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Brick Revival: Material Matters

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21 Jul 2020

<p>A brick renaissance has seen this most versatile of materials cement its  position as the default specification but how is the industry tooling  up to keep pace of demand for both quantity and quality? Mark Chalmers  lays out the challenges and opportunities.</p>

A brick renaissance has seen this most versatile of materials cement its position as the default specification but how is the industry tooling up to keep pace of demand for both quantity and quality? Mark Chalmers lays out the challenges and opportunities.

The late Isi Metzstein of Gillespie, Kidd & Coia once remarked that brickwork is twice handmade: once in the brickmaker’s mould and for a second time when laid by the bricklayer.  That’s a rather romantic view of the brickmaking industry, which in the 1960’s could still claim to be a traditional craft, employing time-served brick setters and kiln burners.

Brick making in Scotland has changed radically since then.  Even twenty years ago, there were around a dozen operational works.  You may remember some of their names: Wemyss Brick in Methil, Bothwell Park Brickworks, the Etna and Mayfield brickworks of GISCOL which became Caradale Brick, Raeburn Brick, Centurion Brick at Cadder and Tannochside, Cruden Bay Brickworks in Aberdeenshire, Cults Brick and also Kirkforthar Brick in Fife, and Inchcoonans in Perthshire which became Errol Brick.

A couple of decades before that was the heyday of small independent brickworks, which Metzstein may have had in mind when he made his remark.  The Scottish Brick Corporation alone own once had 17 works.  Times change.  A decade ago, during the aftermath of the financial crash of 2008, I watched as the number of working brickworks in Scotland shrank from single figures to only one, Raeburn Brick at Blantyre.

Photographing those disappearing brickworks became my photographic project for the next couple of years.  The photos prompt the question, what happened?  And if the shape of the Scottish brick industry is different now, does that mean brick is a less or more sustainable material than before?  There are a few things to consider before you can answer that.  There’s the raw material, the production process, how the brick gets to site and how it contributes to a building’s performance.

First off, brick is universally recognised as a sustainable material.  For example, brick has a Building Research Establishment (BRE) Ecopoint rating of just 1.1, and all the brick cladding specifications listed in the BRE’s Green Guide achieve the highest (A+) rating.  Brick-built buildings typically have low thermal transmittance and high thermal mass, so brick construction can help to reduce energy in use, although of course the brick’s own embodied energy also needs to be taken into account.

Longevity is another plus point: bricks are considered to have a lifespan of at least 150 years, with little or no maintenance required.  When they finally reach the end of their life, they can potentially be re-used especially if they were laid with lime mortar, and failing that they can be crushed and recycled for aggregate.  In that sense, bricks contribute to the “circular economy”.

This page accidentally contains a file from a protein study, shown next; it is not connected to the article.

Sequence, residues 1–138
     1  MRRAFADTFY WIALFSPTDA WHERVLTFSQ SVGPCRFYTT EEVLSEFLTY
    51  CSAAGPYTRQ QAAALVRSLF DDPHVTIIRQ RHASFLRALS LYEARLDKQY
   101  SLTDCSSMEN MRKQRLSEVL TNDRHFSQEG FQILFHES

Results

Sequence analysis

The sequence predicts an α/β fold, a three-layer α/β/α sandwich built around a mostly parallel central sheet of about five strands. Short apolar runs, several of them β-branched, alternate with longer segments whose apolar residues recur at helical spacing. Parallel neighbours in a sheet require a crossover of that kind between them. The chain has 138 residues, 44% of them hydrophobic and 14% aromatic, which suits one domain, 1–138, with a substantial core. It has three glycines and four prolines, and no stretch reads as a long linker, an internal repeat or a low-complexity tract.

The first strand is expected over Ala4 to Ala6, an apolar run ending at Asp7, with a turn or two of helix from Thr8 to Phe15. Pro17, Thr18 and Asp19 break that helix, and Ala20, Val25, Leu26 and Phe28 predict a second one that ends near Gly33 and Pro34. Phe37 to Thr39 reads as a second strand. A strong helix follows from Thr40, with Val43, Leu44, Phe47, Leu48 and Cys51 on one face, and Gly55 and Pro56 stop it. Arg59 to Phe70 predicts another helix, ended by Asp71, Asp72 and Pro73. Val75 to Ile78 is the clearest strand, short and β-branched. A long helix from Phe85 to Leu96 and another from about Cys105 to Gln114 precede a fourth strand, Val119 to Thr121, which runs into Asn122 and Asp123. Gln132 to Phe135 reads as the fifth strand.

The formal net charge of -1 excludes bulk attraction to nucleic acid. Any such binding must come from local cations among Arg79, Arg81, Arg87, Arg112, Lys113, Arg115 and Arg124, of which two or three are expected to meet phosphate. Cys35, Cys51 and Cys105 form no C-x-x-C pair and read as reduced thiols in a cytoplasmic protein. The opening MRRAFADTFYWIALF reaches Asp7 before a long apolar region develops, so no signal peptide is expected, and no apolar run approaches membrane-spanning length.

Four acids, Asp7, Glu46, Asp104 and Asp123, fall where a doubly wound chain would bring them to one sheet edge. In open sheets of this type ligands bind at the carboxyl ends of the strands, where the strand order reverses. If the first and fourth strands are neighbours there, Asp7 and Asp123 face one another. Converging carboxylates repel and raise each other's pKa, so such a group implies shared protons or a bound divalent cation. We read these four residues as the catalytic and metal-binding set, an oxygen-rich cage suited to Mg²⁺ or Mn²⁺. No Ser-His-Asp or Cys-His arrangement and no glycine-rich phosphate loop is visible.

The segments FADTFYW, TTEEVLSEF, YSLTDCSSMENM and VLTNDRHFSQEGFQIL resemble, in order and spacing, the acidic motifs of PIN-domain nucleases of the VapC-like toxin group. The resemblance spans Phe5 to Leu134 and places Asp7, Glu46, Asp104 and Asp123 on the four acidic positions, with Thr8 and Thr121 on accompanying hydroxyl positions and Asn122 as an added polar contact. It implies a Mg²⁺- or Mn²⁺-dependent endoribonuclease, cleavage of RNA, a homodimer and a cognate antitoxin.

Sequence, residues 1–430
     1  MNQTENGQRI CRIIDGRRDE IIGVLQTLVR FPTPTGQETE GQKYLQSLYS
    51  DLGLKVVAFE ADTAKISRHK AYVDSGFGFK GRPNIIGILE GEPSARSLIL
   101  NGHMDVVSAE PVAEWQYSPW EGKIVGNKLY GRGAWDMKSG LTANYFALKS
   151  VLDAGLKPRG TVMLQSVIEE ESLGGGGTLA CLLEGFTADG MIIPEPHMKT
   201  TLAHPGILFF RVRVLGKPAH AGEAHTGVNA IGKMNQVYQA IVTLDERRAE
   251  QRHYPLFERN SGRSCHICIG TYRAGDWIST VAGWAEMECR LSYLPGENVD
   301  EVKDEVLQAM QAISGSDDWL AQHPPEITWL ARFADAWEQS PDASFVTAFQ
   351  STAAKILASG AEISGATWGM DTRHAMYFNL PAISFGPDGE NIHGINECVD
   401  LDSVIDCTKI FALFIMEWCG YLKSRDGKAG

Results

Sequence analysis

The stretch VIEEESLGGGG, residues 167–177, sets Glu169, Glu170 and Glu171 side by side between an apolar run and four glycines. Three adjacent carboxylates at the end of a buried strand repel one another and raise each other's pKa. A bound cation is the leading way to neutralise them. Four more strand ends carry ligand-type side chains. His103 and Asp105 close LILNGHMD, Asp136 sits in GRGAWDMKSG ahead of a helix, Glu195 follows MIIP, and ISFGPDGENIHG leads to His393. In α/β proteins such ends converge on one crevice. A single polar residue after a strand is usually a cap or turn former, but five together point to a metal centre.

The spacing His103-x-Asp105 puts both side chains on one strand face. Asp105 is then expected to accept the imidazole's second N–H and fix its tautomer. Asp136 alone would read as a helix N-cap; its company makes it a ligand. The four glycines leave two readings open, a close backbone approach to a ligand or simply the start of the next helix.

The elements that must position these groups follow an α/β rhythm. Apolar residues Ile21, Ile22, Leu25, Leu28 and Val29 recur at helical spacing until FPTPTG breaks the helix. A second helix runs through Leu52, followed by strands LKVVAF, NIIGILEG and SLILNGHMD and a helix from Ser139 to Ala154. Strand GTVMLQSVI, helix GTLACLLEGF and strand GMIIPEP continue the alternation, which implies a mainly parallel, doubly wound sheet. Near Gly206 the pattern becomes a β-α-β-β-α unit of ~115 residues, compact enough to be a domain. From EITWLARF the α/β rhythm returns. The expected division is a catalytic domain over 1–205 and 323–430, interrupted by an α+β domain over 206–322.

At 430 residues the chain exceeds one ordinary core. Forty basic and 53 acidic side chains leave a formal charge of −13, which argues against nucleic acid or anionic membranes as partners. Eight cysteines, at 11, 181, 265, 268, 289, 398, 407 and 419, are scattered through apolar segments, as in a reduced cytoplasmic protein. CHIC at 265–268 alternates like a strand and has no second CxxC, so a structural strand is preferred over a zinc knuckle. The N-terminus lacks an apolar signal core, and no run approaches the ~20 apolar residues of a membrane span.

However, the catch lies in which particular brick you specify.  Brick was traditionally made close to the source of its raw materials and also close to its market.  The predominantly local supply network for brick, concrete and other masonry products means that delivery distances from builder’s merchant to site are short.  It doesn’t make sense to haul a relatively low value, bulky and heavy commodity product over great distances – although in recent years that’s what has begun to happen.

As Scottish brickworks closed, facing bricks have been imported from down south, the Low Countries and even Scandinavia.  Petersen Brick of Sønderborg in southern Denmark, with their beautifully-produced marketing material, and a range of subtly coloured and textured clinker bricks, have become the brick of choice among design-led architects.  However, they come at a cost, both financial and environmental.

Transport costs, and the associated CO2 emissions, are now a real issue.  Speaking to Michael McGowan, Group Sustainability Manager at Ibstock, the average delivery distance for Ibstock’s bricks is 62 miles.  With only one manufacturer left in Scotland, all other brick products come from England, plus a small but growing amount from Europe.  Before Covid-19 struck, around 30 to 40 million bricks per month came into the UK from EU and Non-EU countries, against brick production in Britain running at around 160 million, which equates to two billion bricks a year.  Anything not manufactured in the UK inevitably has a much higher carbon footprint, which makes it less sustainable.

Making fired bricks is energy intensive: kilns are fired for long periods at around 1000 deg.C.  The fuel nowadays is usually natural gas, in the past it was coal.  In traditional Scottish brickmaking, the calorific content of oil shale or colliery blaes helped to reduce firing times, although traditional brickworks with coal- and gas oil-fired Hoffman kilns were inefficient and generated more air pollution than their modern cousins.

As an example, Caradale Brick’s Mayfield Brickworks at Carluke was increasingly unusual by the turn of the 21st century in that it made bricks using shale clays recovered by reworking old colliery bings: the shale contributed to a harder and more durable brick.  When it was built in the 1950’s, there were a couple of dozen other brickworks within a few miles’ radius, and most of them also used coal and oil shale waste.  By the time it closed in 2011, it was the last of its kind.